Friday, April 29, 2016

A brief review of the 2015/16 jumps season

Champion jockey: Richard Johnson
Champion trainer: Paul Nicholls
Winning owner: Gigginstown House Stud
Champion conditional jockey: Craig Nichol

Following years spent in the shadow of A P McCoy, Richard Johnson deservedly collected his first champion jockeys' title with 235 winners; nearest rival Aidan Coleman chalked up 130. Perhaps the name of the winner was no surprise but the margin of victory was - in real terms Johnson had the championship in safe-keeping before Cheltenham's Open meeting.

In stark contrast the battle for the trainers' title between Paul Nicholls and Willie Mullins went to the final day at Sandown; with Just A Par and Southfield Theatre finishing second and fourth respectively behind The Young Master in the bet365 Gold Cup, Nicholls claimed his tenth championship. Vicente's victory in the Scottish Grand National the previous week, the third leg of a four-timer for the Ditcheat handler, proved crucial and changed momentum. 

For many the season was defined by two horses - Sprinter Sacre and Cue Card.

Sprinter remained unbeaten and and amidst emotional scenes rolled back the years to reclaim the Queen Mother Champion Chase at the Festival. Back in 2013 commentator Simon Holt had described Henderson's charge as 'a steeplechaser from the gods'; who are we to argue?

Cue Card won the Charlie Hall at Wetherby, Haydock's Betfair Chase, the King George VI Chase at Kempton and looked to have every chance of claiming the £1 million bonus offered for winning the Gold Cup when taking a crashing fall three from home. In the post-race aftermath Colin Tizzard opined 'there's not a bother on him' and his charge proved as much three weeks later by winning the Betfair Bowl at Aintree. His subsequent fourth in the Punchestown Gold Cup was a race too far.  

Don Cossack was the principal beneficiary of Cue Card's Gold Cup mishap providing young jockey Bryan Copper with redemption following the ride he'd given the same horse in the Ryanair Chase twelve months earlier.

Owners Gigginstown House Stud went on to claim a famous treble with Rogue Angel giving Mouse Morris an emotional win in the Irish Grand National and then Rule The World winning for the first time over fences in the Grand National for the same handler. Jockey D J Mullins, victorious on his first ride in the National, returned to the same winners' enclosure an hour later aboard Ivan Grozny, recording a 578/1 double in the process.

Festival memories that still linger include Ruby Walsh's ride aboard Annie Power in the Champion Hurdle and Thistlecrack's annihilation of his field in the World Hurdle. Several bookmakers reported big losses after the meeting with Ladbrokes suffering its 'worst in living memory'; the blog's Festival selections were the most profitable on record. 

Earlier in the season Alan King bagged two big prizes with Annacotty holding the fast-finishing Buywise in the Paddy Power Gold Cup and Smad Place running his rivals ragged in the Hennessy.

Hats off too to Lizzie Kelly who became the first female jockey to win a Grade One jumps race in Britain aboard Tea For Two in the Kauto Star Novices' Chase at Kempton. Six weeks later she was aboard Agrapart, winning Newbury's Betfair Hurdle by an astonishing eleven lengths.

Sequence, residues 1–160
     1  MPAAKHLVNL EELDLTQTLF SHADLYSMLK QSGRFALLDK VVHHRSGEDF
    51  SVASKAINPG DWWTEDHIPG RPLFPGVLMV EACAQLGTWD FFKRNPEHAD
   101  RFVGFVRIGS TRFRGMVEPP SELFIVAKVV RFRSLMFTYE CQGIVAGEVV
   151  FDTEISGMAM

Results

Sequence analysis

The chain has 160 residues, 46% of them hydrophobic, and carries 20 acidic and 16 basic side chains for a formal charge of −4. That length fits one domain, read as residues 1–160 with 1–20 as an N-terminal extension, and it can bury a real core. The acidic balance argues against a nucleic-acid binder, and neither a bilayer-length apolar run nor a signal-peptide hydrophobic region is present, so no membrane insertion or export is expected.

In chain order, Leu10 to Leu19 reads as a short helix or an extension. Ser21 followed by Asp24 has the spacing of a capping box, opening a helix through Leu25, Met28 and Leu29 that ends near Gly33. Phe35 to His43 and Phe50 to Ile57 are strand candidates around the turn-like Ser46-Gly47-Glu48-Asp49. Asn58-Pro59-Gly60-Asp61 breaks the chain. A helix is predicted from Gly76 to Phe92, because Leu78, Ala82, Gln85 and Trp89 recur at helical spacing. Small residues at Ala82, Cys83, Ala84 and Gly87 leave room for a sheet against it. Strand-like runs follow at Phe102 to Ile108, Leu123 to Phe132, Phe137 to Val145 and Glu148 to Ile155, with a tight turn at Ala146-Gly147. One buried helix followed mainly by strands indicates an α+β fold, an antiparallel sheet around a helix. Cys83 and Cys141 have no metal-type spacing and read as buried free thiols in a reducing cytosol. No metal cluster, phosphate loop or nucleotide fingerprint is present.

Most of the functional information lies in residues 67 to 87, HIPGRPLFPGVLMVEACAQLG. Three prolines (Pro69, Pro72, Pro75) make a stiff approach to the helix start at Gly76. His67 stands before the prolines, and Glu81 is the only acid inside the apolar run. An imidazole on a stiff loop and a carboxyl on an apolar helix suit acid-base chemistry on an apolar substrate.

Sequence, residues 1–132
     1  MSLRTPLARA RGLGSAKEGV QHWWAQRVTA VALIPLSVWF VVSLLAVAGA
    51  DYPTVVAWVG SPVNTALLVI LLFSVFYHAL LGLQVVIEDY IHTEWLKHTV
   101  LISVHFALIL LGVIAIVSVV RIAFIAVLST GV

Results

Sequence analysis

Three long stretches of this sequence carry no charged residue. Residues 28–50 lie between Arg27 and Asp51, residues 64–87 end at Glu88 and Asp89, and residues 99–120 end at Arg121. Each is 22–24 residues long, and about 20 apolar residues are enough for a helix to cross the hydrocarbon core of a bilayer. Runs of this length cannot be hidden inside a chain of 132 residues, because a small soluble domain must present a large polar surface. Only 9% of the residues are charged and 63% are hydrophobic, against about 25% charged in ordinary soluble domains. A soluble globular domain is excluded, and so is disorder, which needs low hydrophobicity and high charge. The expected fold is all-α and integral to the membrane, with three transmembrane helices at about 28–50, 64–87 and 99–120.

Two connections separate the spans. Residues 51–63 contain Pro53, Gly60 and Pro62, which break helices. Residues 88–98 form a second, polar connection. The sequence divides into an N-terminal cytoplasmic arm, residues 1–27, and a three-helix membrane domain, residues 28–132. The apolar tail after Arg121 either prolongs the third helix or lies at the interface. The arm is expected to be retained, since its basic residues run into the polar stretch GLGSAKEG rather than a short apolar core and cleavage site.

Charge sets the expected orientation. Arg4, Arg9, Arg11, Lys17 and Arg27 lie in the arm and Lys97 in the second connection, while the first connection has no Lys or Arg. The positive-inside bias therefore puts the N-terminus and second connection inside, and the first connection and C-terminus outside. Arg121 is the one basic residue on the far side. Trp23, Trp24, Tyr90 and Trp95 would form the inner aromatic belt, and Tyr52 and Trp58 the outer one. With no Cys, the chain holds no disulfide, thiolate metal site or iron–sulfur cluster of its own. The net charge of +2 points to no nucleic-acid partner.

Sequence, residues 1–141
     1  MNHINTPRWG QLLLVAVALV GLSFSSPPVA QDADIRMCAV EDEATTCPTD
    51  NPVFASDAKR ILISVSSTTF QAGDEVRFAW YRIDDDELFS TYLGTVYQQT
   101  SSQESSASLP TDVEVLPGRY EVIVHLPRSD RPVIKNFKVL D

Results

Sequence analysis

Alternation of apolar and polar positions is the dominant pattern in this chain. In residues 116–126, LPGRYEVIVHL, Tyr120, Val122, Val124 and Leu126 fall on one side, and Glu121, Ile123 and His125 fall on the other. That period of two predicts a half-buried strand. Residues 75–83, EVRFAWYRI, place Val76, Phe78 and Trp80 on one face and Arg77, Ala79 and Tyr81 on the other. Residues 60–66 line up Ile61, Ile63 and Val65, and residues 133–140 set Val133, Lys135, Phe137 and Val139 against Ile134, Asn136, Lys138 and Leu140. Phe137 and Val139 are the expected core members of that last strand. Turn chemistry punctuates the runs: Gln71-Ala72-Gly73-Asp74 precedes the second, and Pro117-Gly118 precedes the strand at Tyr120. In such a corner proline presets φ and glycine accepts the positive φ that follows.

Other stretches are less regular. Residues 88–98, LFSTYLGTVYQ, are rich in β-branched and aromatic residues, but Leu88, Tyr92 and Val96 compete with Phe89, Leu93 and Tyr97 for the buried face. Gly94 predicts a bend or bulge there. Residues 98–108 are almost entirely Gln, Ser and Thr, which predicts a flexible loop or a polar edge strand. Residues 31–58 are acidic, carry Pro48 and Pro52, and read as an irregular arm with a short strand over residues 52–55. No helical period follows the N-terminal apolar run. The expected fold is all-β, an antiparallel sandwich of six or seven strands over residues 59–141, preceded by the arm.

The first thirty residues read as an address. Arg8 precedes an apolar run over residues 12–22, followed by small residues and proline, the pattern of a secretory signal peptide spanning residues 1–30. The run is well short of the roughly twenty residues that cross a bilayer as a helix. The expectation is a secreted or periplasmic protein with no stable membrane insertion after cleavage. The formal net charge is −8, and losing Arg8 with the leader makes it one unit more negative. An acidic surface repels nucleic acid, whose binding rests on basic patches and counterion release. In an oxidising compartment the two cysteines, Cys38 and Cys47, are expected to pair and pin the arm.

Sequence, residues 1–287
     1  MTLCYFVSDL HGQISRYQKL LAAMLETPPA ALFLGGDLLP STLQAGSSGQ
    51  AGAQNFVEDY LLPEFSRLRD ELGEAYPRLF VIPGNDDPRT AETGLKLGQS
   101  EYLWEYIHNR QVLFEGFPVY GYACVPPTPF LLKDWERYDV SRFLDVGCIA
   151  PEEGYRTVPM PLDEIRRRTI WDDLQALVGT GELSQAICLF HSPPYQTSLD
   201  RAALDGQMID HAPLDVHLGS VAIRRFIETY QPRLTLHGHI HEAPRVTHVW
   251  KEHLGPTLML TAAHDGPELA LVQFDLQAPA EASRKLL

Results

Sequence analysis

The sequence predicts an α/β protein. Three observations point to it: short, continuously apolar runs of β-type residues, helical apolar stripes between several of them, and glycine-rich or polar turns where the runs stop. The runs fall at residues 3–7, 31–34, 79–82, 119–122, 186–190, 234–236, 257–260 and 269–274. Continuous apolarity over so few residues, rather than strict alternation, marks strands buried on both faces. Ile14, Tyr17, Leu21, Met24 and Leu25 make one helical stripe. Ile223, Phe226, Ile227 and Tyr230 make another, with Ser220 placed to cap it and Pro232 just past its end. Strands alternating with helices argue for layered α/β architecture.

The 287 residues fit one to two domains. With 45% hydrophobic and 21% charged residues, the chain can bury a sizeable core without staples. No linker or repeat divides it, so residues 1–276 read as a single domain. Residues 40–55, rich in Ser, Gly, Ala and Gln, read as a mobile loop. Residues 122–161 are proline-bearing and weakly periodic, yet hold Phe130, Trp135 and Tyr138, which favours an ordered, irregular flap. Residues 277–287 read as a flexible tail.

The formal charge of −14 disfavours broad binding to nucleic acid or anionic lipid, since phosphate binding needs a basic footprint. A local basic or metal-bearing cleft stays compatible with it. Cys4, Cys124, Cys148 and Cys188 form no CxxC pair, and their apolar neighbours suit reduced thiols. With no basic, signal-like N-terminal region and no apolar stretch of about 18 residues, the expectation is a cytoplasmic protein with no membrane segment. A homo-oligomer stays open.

At a slightly less lofty level, I had some modest success, particularly in the autumn, with runners from the yards of Harry Whittington, Anthony Honeyball  and Stuart Edmonds.
I saw both Wolf Of Windlesham (Stuart Edmonds) and Arzal (Harry Whittington) win at Ludlow's second October meet; Wolf Of Windlesham beat a couple of highly-regarded sorts at Sandown last Saturday but Harry Whittington's yard will still be reeling following the sad news about Arzal earlier this week.

Surprisingly the post 'Ten years of PG's Tips' generated a number of queries, most coming from readers who were keen to ascertain what my mother-in-law was backing in this year's Grand National... I don't think I've got another ten years in me. 

The award of blog horse of this year has to go to Johnny Og trained by Martin Keighley.

I'd hatched a plot to back this one at a fancy price at a Newbury midweek meeting I was set to attend in January. Frost put paid to that cunning plan but just three days later I missed the wretched beast at Ascot where he trotted up at odds of 14/1. Six weeks on, up he popped at Newbury once again. I took 14/1, he went off at 8/1 and duly obliged, coming home one and threequarter lengths ahead of nearest rival Exmoor Mist. I'm still not quite certain what I would have done if he hadn't won...

And finally... At Cheltenham on Wednesday Sam Cavallaro, trained by Miss H Brookshaw and ridden by Mr R Jarrett, won the first race of the 2016/2017 season.  

Friday, April 22, 2016

bet365 Gold Cup 2016

The curtain falls on the 2015/6 NH season at Sandown tomorrow.

After years spent in the shadow of A P McCoy, Richard Johnson will deservedly collect his first jockeys' title.

In marked contrast, the trainers' title is still undecided; at the time of writing Paul Nicholls leads Willie Mullins by some £44,000. The Ditcheat handler saddles four at Chepstow's evening meeting  - Rainy City finished third in the 4.30 and Simon Squirrel was unplaced in the 5.00; Ruben Cotter goes in the 6.05, Whispering Storm at 8.05.

Tomorrow's finale promises an enthralling conclusion; Nicholls remains odds-on to win the title.

The highlight on the Sandown card is the bet365 Gold Cup at 4.10.

I thought last week's Scottish Grand National handicap rather 'compressed' but incredibly this end-of-season finale sees the bottom weight allotted 10-11 - just five of the twenty runners will carry less than 11-0!

Paul Kealy makes a strong case for The Young Master in the Weekender but on the back of the trainer's comments I'm going to side with stablemate Carole's Destrier. I tipped this one for the Ultima Handicap on the opening day of the Festival but he ran no sort of race whatsoever and was pulled up.